Robotics & Computer Science (FIRST, Zero, VEX, Skills USA) Idaho teams compete at the top levels.

Community mentors and event helpers are always needed

The Robotic competitions are heating up going into September. Check out all the action below with the four different programs below. The first two tend to be used as afterschool club type events and the last two are suited for in-classroom situations. I have links to the national organizations as they tend to explain things and then links to the state group if there is one. You’ll also find several news articles from the summer competitions.

Many of the events have either a middle school or a high school component so teams compete against their own age levels. Community mentors and event helpers are always needed and I can help you with contacts if the websites are not clear.


–1) Find out what the FIRST® Robotics Leagues are about and how to participate or start a team. These are described as an engineering experience with some programming.

*** The challenge parameters for the middle school program FIRST® LEGO® League will be release on Tuesday August 26th

From University of Idaho’s 4H Robotics page Kick off events below, check U of I’s FLL and FTC pages for other deadlines and tournaments. FLL (ages 9-14) FTC (ages 12-18)
Aug. 30 – Ada County Library, Victory Rd. Branch, Boise – 12:00 noon – 5:00 pm (FLL)
Sept. 3 – Weiser Vendome, Weiser – 5:00 – 6:30 pm (FLL)
Sept. 6 – Hepworth Building Room 108, College of Southern Idaho, Twin Falls, 9:30-2:00 pm (FTC)
Sept. 8 – Trade & Technology Building, Building 51, 2nd floor, Idaho State University, Pocatello, 4:00 pm (FLL)
Sept. 9 – SEL Event Center, Pullman, WA – 5:30 – 8:00 pm (FLL/FTC)
Sept. 11 – North Idaho Christian School, Hayden, ID – 6:00 – 8:00 pm (FLL/FTC)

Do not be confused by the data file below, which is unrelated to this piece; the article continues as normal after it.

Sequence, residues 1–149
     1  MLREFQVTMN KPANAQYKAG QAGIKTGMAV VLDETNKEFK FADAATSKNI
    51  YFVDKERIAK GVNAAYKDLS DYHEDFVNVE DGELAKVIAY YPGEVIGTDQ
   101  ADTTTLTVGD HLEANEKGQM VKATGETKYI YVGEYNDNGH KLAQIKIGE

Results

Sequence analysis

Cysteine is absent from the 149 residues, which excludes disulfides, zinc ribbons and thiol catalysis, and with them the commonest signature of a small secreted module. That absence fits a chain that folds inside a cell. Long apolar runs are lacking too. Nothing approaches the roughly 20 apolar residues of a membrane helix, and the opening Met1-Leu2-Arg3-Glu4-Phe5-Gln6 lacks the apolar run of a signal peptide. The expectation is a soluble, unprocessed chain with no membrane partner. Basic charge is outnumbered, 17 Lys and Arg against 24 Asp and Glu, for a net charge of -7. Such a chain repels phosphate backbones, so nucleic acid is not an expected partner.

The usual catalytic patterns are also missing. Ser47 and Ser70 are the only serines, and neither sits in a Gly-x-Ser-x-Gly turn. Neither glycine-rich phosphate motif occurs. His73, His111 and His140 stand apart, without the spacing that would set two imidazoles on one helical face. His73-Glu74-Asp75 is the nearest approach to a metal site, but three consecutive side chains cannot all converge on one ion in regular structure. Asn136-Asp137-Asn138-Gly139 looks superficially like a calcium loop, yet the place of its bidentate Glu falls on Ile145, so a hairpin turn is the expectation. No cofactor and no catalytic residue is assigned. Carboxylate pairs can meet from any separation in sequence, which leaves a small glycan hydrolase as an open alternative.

The best-kept secret in robotics: the kids! Coeur d’Alene Press


–2) ZERO Robotics – This one has more programming

Based on the FIRST challenges but instead of engineering the experience is programming (in C) space robots aboard the International Space Station. The very first pilot competition was between two north Idaho high schools in 2009 and organized by Discover Technology founder Dr. Lorna Finman. The high school competition now even includes schools in the European Space Agency nations.

This summer Barbara Morgan, NASA/BSU, was instrumental in getting three Meridian teams in the middle school competition, one of which made it all the way to the finals where they got to watch on live cast as the space station robots ran their code.

The high school ZERO Robitics competition kicks off on September 6th with a live webcast from MIT. Training provided via webinars. Find a team, find a mentor, create a name and register your team of 5-20 students by September 24th to participate.



3) VEX Robotics – This summer we had a Burley team travel to Hawaii and win the Vex International Summer Championship. The high school and middle school VEX competitions and a few others can be found on this site Early season tournaments are coming up this fall in Wood River and in Caldwell.


4) SKillsUSA

Idaho’s Professional Technical Education department
has several robotics competitions available in the SKillsUSA program including humanform, mobile, automation, and search and rescue.

My Day at West Ada Tech Expo looking at how Idaho teachers use @PrepDog, GeoGebra, & MineCraft – lots of roller coaster activities